The future of Sunday league football in Melton is in the balance after the closure of a long-term facility led to a chronic shortage of pitches.
Melton and District Sunday League has been forced to suspend all fixtures after the borough council told teams they could no longer use the changing facilities for Redwood Avenue’s two pitches.
The move left the league with just three available pitches and forced several matches to be postponed before the league bowed to the inevitable and suspended its programme.
League secretary Vinny Musson said: “Our league is on hold. We can’t really run a league with three pitches for eight teams.
“As a committee we are trying to struggle through to the end of the season and see what happens. Then we will have a review of what can be done.”
The pavilion, within Melton Country Park, was condemned in the spring and was earmarked for demolition.
Mr Musson claims the four teams which used the site were promised two replacement pitches within Melton Sports Village in time for September.
“We were told multiple times by two or three different people within the council that pitches would be ready for the start of season,” he said.
“But there are still no pitches ready for us and we have been told we are no longer allowed down at Redwood Avenue.
“All the fixtures had been sorted out with locations and referees, and now we have got to go back and rearrange games and try and get teams to play in the odd afternoon game.
“Unless teams are willing to compromise over where and when they play, we will have to fold.”
Melton Council’s Leisure and Culture Client officer Steve Taylor took on the case recently and said attempts to help the league relocate will continue.
“We have contacted so many different places to try and get another pitch for them, but unfortunately we haven’t found any,” he said.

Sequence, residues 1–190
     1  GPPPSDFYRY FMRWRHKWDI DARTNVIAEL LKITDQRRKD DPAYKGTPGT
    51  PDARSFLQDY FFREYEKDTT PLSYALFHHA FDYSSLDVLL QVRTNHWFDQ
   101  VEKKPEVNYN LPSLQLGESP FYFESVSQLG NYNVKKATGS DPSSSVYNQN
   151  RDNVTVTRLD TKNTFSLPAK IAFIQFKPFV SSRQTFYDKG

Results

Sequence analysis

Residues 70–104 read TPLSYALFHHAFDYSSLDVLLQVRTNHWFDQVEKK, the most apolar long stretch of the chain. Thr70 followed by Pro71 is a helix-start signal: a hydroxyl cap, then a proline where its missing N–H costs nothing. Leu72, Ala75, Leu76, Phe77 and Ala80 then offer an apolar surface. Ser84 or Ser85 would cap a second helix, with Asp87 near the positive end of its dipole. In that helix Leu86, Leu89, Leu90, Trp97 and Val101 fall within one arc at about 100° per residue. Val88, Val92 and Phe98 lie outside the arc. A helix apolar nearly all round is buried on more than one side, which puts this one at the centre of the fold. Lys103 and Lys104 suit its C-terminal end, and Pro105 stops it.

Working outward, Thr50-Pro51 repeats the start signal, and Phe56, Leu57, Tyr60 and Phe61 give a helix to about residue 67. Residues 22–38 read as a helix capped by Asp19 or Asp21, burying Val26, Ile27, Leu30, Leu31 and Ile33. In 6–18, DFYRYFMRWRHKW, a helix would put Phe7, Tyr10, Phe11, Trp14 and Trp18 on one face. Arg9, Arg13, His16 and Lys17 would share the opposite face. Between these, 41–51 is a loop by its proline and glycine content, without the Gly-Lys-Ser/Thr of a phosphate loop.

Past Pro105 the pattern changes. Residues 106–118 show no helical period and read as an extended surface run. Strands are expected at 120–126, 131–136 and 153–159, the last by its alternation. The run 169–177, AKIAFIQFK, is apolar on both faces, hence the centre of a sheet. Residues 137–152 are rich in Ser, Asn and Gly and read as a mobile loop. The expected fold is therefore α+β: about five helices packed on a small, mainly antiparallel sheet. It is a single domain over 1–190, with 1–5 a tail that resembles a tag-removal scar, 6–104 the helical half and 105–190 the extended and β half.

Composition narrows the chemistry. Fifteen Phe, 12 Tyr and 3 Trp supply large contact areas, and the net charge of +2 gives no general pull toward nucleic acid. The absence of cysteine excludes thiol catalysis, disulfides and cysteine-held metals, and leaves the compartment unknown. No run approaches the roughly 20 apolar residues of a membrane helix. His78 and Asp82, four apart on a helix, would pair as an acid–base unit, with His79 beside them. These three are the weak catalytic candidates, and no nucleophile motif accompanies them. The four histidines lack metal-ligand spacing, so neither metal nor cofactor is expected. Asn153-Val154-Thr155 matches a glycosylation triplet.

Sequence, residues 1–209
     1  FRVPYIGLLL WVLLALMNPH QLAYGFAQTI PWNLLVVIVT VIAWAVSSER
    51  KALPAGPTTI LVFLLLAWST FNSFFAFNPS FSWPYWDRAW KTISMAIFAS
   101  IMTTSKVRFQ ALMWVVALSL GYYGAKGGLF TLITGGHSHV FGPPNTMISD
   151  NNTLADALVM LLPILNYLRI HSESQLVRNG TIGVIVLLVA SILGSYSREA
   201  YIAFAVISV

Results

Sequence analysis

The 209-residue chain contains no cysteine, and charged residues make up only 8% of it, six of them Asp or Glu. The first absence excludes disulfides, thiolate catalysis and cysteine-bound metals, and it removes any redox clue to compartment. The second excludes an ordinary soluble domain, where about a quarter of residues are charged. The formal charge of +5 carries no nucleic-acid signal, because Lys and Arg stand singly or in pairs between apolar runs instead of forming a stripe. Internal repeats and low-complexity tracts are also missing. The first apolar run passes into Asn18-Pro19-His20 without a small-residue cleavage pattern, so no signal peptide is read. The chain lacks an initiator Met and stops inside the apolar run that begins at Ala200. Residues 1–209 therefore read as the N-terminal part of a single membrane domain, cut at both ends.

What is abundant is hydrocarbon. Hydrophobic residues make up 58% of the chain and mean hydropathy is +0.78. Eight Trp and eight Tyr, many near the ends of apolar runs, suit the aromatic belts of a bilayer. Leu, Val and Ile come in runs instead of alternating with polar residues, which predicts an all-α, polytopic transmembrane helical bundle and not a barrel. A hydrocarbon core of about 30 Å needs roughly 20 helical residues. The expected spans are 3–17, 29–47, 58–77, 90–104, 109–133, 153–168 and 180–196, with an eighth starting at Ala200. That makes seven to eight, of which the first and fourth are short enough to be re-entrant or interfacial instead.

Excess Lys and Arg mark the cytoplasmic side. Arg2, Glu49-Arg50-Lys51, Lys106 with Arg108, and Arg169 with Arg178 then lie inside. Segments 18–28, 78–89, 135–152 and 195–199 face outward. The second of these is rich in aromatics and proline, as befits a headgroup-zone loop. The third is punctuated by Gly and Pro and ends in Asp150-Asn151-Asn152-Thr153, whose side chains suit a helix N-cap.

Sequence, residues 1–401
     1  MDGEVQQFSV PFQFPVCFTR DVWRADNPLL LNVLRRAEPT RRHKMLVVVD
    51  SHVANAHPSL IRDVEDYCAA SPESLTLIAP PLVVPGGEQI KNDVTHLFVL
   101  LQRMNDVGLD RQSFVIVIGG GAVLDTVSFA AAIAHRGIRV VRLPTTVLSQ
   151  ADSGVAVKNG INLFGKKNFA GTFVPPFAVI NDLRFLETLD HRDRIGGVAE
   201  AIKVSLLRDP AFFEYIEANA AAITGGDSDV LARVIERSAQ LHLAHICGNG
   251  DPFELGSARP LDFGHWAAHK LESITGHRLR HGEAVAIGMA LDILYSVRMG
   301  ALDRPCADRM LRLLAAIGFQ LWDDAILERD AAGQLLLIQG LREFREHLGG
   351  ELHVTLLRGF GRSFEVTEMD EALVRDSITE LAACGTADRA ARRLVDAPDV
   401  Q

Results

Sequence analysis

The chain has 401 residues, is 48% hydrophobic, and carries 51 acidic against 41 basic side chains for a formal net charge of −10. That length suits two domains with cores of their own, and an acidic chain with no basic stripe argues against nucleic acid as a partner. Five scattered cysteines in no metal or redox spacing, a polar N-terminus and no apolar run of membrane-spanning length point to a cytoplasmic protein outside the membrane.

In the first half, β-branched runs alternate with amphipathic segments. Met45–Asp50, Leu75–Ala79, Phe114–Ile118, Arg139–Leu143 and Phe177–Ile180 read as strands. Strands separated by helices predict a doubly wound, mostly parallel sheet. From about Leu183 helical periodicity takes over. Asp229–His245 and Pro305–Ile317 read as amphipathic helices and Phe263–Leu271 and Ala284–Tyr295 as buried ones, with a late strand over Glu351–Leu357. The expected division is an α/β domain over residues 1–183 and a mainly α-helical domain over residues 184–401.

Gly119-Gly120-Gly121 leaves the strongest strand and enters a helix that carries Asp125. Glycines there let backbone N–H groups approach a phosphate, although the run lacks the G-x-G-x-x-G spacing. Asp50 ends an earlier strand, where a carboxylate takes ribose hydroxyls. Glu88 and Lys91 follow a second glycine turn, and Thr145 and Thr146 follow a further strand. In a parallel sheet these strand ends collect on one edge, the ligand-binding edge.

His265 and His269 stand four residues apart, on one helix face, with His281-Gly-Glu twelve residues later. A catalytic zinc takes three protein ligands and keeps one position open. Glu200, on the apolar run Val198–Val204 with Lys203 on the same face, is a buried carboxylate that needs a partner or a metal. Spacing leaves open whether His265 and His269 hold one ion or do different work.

“We are working as hard as we can to provide facilities, but it’s taking time and it’s proving really difficult at this time of year.
“We did ask if they would consider afternoon kick-offs, because we would have something for them in that case, but we know players have families and potentially they won’t want to play on Sunday afternoons.
There were 23 pitches within the borough for Sunday football just eight years ago according to Mr Musson, and the shortage is putting a strain on the league’s ability to attract new teams and retain its current line-up.
“We had three new teams signed up with the FA to play in our league, but then they folded because there wasn’t enough pitches around Melton,” he added.
“A team from Sileby wanted to join our league next year, but then heard all the commotion and decided not to join.”
Melton Council has pledged to help develop sport in the town through its ambitious new complex, based at the former King Edward VII School site off Burton Road, which is in its planning stages.
The move followed concerns from sports groups and clubs about the shortage of facilities in the town, particularly following the closure of the leisure centre to public use in 2010.
“The plan is to bring all the football together at Melton Sports Village,” Mr Taylor added.
“We have two pitches being developed there and pulled together another from nothing, but it was too narrow.
“We don’t want people not to be able to play football; my role within the council is to get as many people fit and active as possible.
“We are still working with the FA and will continue to try and help the league.”